- Sarah Lucas, AICP, regional planning department manager, Networks Northwest. Lucas works closely with local governments, nonprofits, and other community stakeholders in northwest Michigan on a variety of community issues, including housing and economic development. She also coordinates and facilitates public outreach strategies and conducts in-depth community research and analysis.
- Lori Meadows, executive director, Kentucky Arts Council. Meadows has headed up the Kentucky Arts Council since 2005. Her work has included convening a 54-county Appalachian region to initiate economic growth and development through arts-related tools, resources and ideas.
- Susan DuPlessis, program director, South Carolina Arts Commission. DuPlessis has a wide range of experience in creative, place-based work including co-directing several significant agency partnerships including the four-state Gullah Geechee Cultural Heritage Corridor Commission, South Carolina's Rural Promise Zone and the Riley Institute at Furman University. Susan will share highlights from a pilot project, The Art of Community: Rural SC, which is part of the South Carolina Promise Zone initiative.
The Citizens' Institute on Rural Design™ (CIRD) provides communities access to the resources they need to convert their own good ideas into reality. CIRD works with communities with populations of 50,000 or less, and offers annual competitive funding to as many as six small towns or rural communities to host a two-and-a-half day community design workshop. With support from a wide range of design, planning and creative placemaking professionals, the workshops bring together local leaders from non-profits, community organizations, and government to develop actionable solutions to the community's pressing design challenges. The community receives additional support through webinars, conference calls, and web-based resources
About the Orton Family Foundation
With an entrepreneurial spirit and funding derived from the profits of The Vermont Country Store
, Lyman Orton and Noel Fritzinger established the Orton Family Foundation in 1995 as a resource for small cities and towns grappling with change and searching for solutions. An active resident of Weston, Vermont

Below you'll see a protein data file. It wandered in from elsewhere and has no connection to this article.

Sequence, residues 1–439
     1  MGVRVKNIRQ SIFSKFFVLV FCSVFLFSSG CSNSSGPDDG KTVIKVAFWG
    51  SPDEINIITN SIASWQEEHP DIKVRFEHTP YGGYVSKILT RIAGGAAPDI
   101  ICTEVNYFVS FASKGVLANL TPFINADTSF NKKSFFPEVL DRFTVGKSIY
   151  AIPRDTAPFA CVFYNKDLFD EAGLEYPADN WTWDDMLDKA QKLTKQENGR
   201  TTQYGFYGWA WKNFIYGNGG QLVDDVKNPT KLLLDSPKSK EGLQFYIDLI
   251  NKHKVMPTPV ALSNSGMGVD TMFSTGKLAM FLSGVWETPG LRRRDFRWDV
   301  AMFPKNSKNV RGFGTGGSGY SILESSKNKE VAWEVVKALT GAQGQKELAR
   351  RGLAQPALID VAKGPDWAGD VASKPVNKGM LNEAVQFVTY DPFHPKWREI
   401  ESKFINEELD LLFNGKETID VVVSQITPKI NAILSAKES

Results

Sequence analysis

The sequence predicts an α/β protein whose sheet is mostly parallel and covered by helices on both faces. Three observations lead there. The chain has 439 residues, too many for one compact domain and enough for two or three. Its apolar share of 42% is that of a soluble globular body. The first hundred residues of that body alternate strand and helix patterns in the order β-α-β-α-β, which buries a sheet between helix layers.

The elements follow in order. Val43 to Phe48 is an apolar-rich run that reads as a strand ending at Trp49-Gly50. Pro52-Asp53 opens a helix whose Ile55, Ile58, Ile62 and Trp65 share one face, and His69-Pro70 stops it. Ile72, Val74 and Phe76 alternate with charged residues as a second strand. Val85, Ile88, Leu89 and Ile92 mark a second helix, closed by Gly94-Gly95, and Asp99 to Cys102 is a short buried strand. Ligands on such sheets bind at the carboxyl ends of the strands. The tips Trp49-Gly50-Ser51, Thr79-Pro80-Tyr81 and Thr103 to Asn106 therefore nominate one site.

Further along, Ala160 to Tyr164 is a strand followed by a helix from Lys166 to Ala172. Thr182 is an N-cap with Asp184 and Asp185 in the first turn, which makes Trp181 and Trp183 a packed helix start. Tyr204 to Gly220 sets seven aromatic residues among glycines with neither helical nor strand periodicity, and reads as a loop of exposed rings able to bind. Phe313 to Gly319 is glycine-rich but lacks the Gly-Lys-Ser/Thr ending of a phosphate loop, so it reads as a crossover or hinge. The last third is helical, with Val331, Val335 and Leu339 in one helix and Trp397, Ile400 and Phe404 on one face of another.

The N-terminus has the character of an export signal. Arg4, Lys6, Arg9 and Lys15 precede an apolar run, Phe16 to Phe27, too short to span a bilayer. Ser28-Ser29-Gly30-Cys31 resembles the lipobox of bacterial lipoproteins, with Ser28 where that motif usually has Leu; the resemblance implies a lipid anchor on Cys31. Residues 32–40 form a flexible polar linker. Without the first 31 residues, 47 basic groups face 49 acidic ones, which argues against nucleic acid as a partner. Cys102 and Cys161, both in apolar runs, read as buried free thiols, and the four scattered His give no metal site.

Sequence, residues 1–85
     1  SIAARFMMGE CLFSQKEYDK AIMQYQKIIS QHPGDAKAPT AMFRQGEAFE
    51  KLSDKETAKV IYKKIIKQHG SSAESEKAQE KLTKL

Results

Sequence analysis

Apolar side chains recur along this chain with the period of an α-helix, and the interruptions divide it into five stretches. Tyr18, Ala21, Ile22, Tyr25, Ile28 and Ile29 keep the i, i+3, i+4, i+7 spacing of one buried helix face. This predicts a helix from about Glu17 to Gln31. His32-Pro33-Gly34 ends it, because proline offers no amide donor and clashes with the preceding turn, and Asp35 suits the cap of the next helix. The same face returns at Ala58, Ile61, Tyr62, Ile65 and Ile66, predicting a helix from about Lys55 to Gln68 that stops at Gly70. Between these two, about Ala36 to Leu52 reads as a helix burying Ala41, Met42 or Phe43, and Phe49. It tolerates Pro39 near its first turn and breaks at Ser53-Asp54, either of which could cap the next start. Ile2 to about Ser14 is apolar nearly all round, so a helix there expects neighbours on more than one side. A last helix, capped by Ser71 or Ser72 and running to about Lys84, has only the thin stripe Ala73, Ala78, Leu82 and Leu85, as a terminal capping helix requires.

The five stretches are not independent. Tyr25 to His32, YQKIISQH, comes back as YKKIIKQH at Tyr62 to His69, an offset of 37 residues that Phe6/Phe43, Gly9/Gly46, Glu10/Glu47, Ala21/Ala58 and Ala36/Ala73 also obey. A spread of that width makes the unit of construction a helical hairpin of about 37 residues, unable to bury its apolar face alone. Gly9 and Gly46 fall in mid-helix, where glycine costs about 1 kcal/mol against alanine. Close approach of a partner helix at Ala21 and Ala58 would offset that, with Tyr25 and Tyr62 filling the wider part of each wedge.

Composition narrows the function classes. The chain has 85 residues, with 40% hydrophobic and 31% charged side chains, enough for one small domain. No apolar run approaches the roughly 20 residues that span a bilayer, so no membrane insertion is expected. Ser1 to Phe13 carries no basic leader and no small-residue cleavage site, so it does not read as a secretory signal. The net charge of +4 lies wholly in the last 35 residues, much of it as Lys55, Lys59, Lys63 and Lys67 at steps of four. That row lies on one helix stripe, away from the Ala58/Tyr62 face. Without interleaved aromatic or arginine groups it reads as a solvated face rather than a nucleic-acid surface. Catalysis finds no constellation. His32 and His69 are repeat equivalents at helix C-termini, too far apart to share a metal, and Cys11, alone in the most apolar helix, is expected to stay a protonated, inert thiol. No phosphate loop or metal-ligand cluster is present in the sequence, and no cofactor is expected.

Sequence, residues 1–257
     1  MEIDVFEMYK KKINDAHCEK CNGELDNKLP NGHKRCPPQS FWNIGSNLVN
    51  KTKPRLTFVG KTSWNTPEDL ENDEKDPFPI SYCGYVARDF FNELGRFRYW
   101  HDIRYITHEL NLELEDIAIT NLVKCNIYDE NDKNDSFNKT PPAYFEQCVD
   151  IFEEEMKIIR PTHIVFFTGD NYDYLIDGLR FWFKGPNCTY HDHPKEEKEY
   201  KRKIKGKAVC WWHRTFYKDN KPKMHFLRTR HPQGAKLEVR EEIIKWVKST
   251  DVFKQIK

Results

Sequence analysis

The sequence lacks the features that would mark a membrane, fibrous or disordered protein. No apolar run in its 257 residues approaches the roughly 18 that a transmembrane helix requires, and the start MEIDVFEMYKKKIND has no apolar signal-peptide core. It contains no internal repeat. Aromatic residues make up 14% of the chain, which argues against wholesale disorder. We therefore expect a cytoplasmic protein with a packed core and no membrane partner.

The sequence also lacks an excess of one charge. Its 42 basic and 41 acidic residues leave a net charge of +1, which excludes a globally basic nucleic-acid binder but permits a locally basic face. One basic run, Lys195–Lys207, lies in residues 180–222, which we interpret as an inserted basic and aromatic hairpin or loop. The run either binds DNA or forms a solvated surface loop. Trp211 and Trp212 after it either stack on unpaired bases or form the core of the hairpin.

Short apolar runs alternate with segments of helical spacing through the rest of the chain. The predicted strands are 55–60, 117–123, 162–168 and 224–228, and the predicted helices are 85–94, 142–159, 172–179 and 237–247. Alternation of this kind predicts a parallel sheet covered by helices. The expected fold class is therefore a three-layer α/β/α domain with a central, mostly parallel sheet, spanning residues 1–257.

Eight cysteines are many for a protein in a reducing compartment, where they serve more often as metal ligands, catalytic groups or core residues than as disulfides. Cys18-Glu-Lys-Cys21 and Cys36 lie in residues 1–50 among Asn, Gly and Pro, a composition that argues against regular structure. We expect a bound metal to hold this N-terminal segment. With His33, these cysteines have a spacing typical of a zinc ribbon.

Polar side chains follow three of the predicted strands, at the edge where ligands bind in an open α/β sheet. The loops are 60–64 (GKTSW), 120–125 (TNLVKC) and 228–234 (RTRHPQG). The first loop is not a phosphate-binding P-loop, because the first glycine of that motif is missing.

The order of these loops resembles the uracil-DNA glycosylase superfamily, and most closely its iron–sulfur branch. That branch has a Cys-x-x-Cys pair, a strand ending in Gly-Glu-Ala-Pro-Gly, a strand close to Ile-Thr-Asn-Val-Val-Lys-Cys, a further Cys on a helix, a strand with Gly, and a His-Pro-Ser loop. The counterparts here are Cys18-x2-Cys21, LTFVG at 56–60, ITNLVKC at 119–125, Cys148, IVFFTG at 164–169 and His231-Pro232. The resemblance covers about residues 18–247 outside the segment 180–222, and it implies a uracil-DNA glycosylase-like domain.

and a proud seventh generation Vermonter, Lyman saw that many communities around the state were unprepared for growth and lacking the information and tools needed to steer the change toward a vibrant, sustainable future. The Foundation began by developing a GIS-based 3D visualization and decision-support tool, CommunityViz®
, which has helped hundreds of communities across the US imagine new possibilities for growth and change. The Foundation now emphasizes the Community Heart & Soul
™ process, a planning methodology that uses broad citizen engagement to build economically resilient and socially vibrant communities based on towns’ unique local character.
Free workshop: Building a Sustainable Life as an Artist
South Carolina artists are invited to register for a free two-day workshop, Building a Sustainable Life as an Artist, taking place Nov. 4 - 5 at Tapp's Art Center in Columbia. Based on 10 years of work with artists locally and nationally, artist leaders from Artists U, led by Andrew Simonet, will offer tools for reconnecting with deep values, building community, and managing time and money.
- Why artists are poor and why they shouldn’t be
- Tools artists have used to make things easier
- How to build a life that is balanced, productive, and sustainable
Registration and attendance:
- The workshop is free, but the class size is limited, so you must register here.
- You MUST attend both sessions.
- Beverages provided, as well as lunch on Saturday.
Tapp's Art Center
1644 Main St
Columbia, South Carolina 29201
Dates and times:
Friday, Nov. 4, 7 - 8:30 pm
Saturday, Nov. 5, 10 a.m. - 5 p.m.
Free workshop in Conway – Connecting Resources for a Connected Community
The South Carolina Arts Commission is teaming up with the South Carolina Human Affairs Commission to offer a free workshop in Conway: Connecting Resources for a Connected Community, Friday, October 7, from 11:45 a.m. to 1 p.m. at the Conway Library, 801 Main Street. The workshop is open to anyone, but the content will be specific to the Conway area.
Join us to learn about resources offered by these state agencies and the kinds of services available to help make your community more livable using the arts, culture, equal opportunity and access. The workshop will also offer a forum to discuss how these resources, which include community relations workshops, anti-discrimination services, grant funding and cultural planning, are open to all community members.
The workshop is free, but you must register online to reserve your seat.
Every child is a dancer – skills and habits for teaching dancers along the autism spectrum
In collaboration with the South Carolina Autism Society and Columbia College, Harbison Theatre at Midlands Technical College is offering a one-day workshop designed to better help dance educators serve their dancers with autism spectrum disorder. The workshop takes place Sept. 10 from 9 a.m. to 3 p.m at Harbison Theatre. Registration fee is $25 and includes lunch.
The workshop will cover:
- Sensory sensitivity in the dance studio
- Fine and gross motor challenges
- Behavioral expectations in the dance studio
- Relaxed performance procedures
All participants receive a ticket to the Parsons Dance relaxed performance on November 19.
Find out more and register.
This seminar for teachers is part of a larger collaboration aimed at increasing and deepening the opportunities for dancers and dance fans with autism and their families to enjoy professional dance instruction and performance. These additional opportunities